DEIVANAI ACHI Vs. R M AL CT CHIDAMBARAM CHETTIAR
LAWS(MAD)-1953-8-15
HIGH COURT OF MADRAS
Decided on August 26,1953

DEIVANAI ACHI Appellant
VERSUS
R.M.AL.CT.CHIDAMBARAM CHETTIAR Respondents

JUDGEMENT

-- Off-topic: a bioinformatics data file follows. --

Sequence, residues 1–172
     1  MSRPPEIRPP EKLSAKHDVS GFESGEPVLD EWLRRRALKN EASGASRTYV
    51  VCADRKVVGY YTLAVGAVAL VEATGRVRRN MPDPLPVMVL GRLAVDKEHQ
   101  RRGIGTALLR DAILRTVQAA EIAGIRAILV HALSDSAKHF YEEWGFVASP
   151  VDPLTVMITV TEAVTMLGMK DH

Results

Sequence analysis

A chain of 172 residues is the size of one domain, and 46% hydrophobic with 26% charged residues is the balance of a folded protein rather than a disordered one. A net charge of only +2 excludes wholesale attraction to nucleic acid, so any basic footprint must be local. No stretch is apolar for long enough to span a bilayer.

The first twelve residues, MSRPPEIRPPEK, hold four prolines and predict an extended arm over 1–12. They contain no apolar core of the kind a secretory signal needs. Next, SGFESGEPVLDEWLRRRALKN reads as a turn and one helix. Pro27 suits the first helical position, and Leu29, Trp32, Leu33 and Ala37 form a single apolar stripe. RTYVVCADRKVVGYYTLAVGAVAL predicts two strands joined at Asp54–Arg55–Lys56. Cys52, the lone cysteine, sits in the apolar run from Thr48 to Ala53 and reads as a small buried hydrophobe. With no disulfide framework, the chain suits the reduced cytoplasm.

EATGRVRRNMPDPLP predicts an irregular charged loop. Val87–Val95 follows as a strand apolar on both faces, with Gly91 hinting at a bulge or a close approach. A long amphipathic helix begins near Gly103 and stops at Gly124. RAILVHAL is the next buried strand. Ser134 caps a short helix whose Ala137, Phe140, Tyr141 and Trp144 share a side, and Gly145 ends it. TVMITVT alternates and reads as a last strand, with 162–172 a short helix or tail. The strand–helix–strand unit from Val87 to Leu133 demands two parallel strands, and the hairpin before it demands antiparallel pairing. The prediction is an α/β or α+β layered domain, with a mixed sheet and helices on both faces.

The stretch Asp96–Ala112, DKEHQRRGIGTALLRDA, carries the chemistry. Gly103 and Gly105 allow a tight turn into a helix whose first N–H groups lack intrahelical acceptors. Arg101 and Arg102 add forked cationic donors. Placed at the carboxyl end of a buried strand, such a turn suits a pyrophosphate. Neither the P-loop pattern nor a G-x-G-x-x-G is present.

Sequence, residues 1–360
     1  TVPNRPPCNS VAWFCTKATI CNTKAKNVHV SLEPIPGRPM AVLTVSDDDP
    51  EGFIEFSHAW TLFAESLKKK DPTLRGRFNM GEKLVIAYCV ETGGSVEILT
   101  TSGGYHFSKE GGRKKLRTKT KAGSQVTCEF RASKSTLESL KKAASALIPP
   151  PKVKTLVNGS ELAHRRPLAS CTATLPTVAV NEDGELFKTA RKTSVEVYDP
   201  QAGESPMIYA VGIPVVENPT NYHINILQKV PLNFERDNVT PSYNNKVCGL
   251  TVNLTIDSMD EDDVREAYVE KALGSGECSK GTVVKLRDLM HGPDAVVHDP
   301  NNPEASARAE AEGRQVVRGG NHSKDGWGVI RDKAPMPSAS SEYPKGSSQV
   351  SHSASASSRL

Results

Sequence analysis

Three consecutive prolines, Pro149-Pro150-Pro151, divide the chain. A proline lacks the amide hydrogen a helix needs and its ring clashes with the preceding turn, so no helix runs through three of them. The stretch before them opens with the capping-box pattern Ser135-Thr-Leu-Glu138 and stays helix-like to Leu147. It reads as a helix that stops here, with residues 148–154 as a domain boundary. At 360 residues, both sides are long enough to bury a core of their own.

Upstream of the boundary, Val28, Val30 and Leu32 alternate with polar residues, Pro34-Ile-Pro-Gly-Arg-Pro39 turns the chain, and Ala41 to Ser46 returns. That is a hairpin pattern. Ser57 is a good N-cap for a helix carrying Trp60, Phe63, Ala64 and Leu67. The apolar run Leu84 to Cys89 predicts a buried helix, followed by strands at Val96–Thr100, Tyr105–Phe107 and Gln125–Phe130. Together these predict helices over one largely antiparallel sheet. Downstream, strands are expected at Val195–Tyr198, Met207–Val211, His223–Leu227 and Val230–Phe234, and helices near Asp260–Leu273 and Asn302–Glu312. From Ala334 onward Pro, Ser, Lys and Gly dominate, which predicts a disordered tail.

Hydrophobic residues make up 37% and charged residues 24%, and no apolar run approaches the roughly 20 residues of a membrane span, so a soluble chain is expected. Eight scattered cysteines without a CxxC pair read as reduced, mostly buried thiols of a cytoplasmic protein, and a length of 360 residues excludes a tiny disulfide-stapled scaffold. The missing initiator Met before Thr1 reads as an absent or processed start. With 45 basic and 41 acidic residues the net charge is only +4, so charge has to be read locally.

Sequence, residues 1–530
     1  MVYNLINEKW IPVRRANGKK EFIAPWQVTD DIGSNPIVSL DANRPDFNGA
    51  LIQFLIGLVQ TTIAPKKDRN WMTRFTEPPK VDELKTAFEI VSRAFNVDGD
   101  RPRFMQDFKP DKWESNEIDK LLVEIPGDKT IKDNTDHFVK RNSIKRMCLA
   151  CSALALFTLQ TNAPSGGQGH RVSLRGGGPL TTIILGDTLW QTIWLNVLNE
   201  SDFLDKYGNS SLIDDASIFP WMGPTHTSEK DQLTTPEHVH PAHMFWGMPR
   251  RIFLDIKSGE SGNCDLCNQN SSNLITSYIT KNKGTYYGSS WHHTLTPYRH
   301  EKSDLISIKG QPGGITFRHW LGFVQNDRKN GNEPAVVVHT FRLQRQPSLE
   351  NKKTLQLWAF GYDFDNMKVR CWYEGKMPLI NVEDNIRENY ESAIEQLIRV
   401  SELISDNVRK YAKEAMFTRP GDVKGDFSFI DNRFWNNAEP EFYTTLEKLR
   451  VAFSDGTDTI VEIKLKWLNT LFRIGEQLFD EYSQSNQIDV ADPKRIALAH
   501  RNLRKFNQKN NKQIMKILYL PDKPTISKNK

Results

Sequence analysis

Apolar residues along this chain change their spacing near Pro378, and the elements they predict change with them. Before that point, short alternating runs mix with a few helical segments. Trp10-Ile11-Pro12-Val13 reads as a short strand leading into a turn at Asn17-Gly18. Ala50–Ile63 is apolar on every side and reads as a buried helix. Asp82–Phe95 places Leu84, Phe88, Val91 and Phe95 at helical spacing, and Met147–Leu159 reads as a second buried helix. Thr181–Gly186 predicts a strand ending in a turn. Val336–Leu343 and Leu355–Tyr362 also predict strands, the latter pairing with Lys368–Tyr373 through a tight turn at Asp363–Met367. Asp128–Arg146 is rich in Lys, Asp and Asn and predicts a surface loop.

Satyanarayana Rao, J. - (1.) This appeal arises out of a suit for partition by the first plaintiff for Himself and on behalf of his two minor sons, plaintiffs 2 & 3 by the 3rd defendant. The first defendant is the widow of Alagu Chetti, son of the first plaintiff, by his first wife, Nachi Ammai. Alagu Chetti died on 15-4-1942. The second defendant is the minor son of Alagu Chetti by the first defendant. The first plaintiff, after the death of Nachi Animal, married Valliammai as his second wife. She however died leaving no issue early in 1934. On 14-7-1934, there was a marriage function between the first plaintiff and the third defendant according to what is described as the 'Suyamariyathai' cult or the self-respecter's cult under the auspices of the Purohit Maruppu Baugham or Anti Purohit Association. The third defendant was a widow of Reddi caste at that time, while the plaintiff is a Nattukottai Chettiar by caste. Soon after the marriage function, they lived for sometime in Kottaiyur in the family house. Thereafter, the first plaintiff and the third defendant went to Malacca, where the first plaintiff was carrying on business. The second plaintiff was born on 7-2-1936 at Malacca. They returned to India later and a female child was born to them on 15-4-1940. They again went back to Malacca in 1941 and they could not return to India till 1946 owing to Japanese war. But during their stay at Malacca on 15-2-1942, third plaintiff was born and another female child was also born on 1-11-1945.